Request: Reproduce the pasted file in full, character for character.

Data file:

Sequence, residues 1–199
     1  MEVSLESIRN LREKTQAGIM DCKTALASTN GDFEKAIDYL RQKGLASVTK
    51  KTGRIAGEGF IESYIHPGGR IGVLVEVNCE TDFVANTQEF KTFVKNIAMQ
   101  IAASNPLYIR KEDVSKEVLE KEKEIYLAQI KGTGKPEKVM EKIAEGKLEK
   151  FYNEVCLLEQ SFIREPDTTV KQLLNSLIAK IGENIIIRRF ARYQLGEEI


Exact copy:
Sequence, residues 1–199
     1  MEVSLESIRN LREKTQAGIM DCKTALASTN GDFEKAIDYL RQKGLASVTK
    51  KTGRIAGEGF IESYIHPGGR IGVLVEVNCE TDFVANTQEF KTFVKNIAMQ
   101  IAASNPLYIR KEDVSKEVLE KEKEIYLAQI KGTGKPEKVM EKIAEGKLEK
   151  FYNEVCLLEQ SFIREPDTTV KQLLNSLIAK IGENIIIRRF ARYQLGEEI